It doesn’t surprise me a bit. Star is a unique individual. He’s a family guy. His family is so important to him and just going to New York and sitting around waiting in a room, that’s not his deal. —Kyle Whittingham, Utah football head coach
“It doesn’t surprise me a bit. Star is a unique individual,” Whittingham said. “He’s a family guy. His family is so important to him and just going to New York and sitting around waiting in a room, that’s not his deal.”
Especially, Whittingham added, if it doesn’t have an effect on his draft position.
Although Lotulelei is projected to be a high first-round pick, the former University of Utah defensive tackle declined an invitation from the NFL to be on hand for the proceedings at Radio City Music Hall.
In a statement released through his agent, Bruce Tollner, Lotulelei explained his decision.
“I want to thank the NFL for inviting me to New York City for the draft. Being invited is a tremendous honor and I am very grateful for the consideration,” Lotulelei said. “After discussing it with my family, I have decided to stay in Utah for the draft so I can share this moment with all of the people that have supported me my entire life. I expect over 50 family and friends at our home for this wonderful occasion and look forward to a special day."
Whittingham supports Lotulelei’s decision, adding that he’s different than most guys in his position.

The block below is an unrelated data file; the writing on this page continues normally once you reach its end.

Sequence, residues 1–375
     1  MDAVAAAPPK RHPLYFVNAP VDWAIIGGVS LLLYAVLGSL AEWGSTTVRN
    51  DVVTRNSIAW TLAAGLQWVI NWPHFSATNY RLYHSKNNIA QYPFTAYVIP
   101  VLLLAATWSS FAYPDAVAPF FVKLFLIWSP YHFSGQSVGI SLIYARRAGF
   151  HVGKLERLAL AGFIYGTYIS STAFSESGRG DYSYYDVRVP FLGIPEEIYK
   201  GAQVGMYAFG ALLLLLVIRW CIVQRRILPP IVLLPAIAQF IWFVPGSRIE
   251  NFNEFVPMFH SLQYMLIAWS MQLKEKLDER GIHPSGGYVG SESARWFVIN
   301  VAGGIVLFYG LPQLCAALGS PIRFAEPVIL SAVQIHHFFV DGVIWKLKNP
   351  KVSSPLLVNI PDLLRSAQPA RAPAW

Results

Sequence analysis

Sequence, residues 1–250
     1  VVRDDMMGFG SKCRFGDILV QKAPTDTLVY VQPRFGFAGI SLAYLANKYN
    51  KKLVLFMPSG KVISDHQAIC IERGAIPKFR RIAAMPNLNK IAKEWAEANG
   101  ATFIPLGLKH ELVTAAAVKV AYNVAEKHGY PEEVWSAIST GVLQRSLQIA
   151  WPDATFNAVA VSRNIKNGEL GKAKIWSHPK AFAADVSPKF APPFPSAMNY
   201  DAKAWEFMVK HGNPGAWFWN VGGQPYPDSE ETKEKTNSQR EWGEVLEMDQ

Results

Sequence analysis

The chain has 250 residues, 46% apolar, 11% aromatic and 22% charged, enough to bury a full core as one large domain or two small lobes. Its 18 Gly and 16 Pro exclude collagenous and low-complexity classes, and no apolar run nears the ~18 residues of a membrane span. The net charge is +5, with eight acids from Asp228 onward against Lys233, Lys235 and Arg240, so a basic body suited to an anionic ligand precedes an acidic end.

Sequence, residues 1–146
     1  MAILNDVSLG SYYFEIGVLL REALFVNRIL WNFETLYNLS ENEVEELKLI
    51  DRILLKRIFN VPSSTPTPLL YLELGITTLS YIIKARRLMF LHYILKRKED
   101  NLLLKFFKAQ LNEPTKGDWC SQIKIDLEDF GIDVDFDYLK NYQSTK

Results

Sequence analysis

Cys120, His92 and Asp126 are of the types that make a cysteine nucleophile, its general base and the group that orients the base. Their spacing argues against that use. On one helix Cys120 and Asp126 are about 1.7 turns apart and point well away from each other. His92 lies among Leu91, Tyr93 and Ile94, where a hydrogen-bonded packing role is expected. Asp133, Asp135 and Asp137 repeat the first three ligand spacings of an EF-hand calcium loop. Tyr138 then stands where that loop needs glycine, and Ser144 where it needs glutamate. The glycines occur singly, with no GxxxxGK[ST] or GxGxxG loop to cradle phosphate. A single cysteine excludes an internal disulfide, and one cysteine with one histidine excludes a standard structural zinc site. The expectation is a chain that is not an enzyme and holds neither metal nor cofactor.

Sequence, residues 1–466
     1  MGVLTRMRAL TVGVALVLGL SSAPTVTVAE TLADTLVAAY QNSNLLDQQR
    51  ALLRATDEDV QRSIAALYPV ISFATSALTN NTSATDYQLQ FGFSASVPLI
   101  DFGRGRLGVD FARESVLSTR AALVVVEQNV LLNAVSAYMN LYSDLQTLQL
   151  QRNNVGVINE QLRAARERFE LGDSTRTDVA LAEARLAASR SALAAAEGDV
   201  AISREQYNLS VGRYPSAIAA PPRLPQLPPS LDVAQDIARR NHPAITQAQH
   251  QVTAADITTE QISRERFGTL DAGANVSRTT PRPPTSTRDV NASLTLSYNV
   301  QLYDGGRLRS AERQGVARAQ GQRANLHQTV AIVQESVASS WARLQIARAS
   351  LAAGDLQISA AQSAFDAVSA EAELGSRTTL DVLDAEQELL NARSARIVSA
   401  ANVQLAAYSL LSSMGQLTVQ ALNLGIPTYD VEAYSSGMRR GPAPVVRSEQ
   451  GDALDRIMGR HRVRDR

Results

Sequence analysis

“He’s not a limelight guy,” Whittingham said. “He just wants to play ball and be with his family. That’s what he wants to do.”
The big deal, Whittingham continued, is Lotulelei getting cleared medically. An abnormal heart test — revealing 44 percent efficiency in his left ventricle — at the NFL Scouting Combine raised concerns.
Additional testing, though, indicated that the condition was only temporary — likely due to a cold.6 comments on this story
In a report from the cardiology division of the University of Utah Sciences Center, Dr. Josef Stehlik stated that a “thorough and comprehensive” test on Lotulelei on March 27 “showed complete normalization of the heart muscle function.”
The report, which was forwarded to DeseretNews.com by Lotulelei’s agent, concluded with a statement that it was safe for Lotulelei to participate in professional athletics without restriction.
“That was such great news,” Whittingham said. “And really the biggest thing in the whole equation is him getting that clean bill of health.”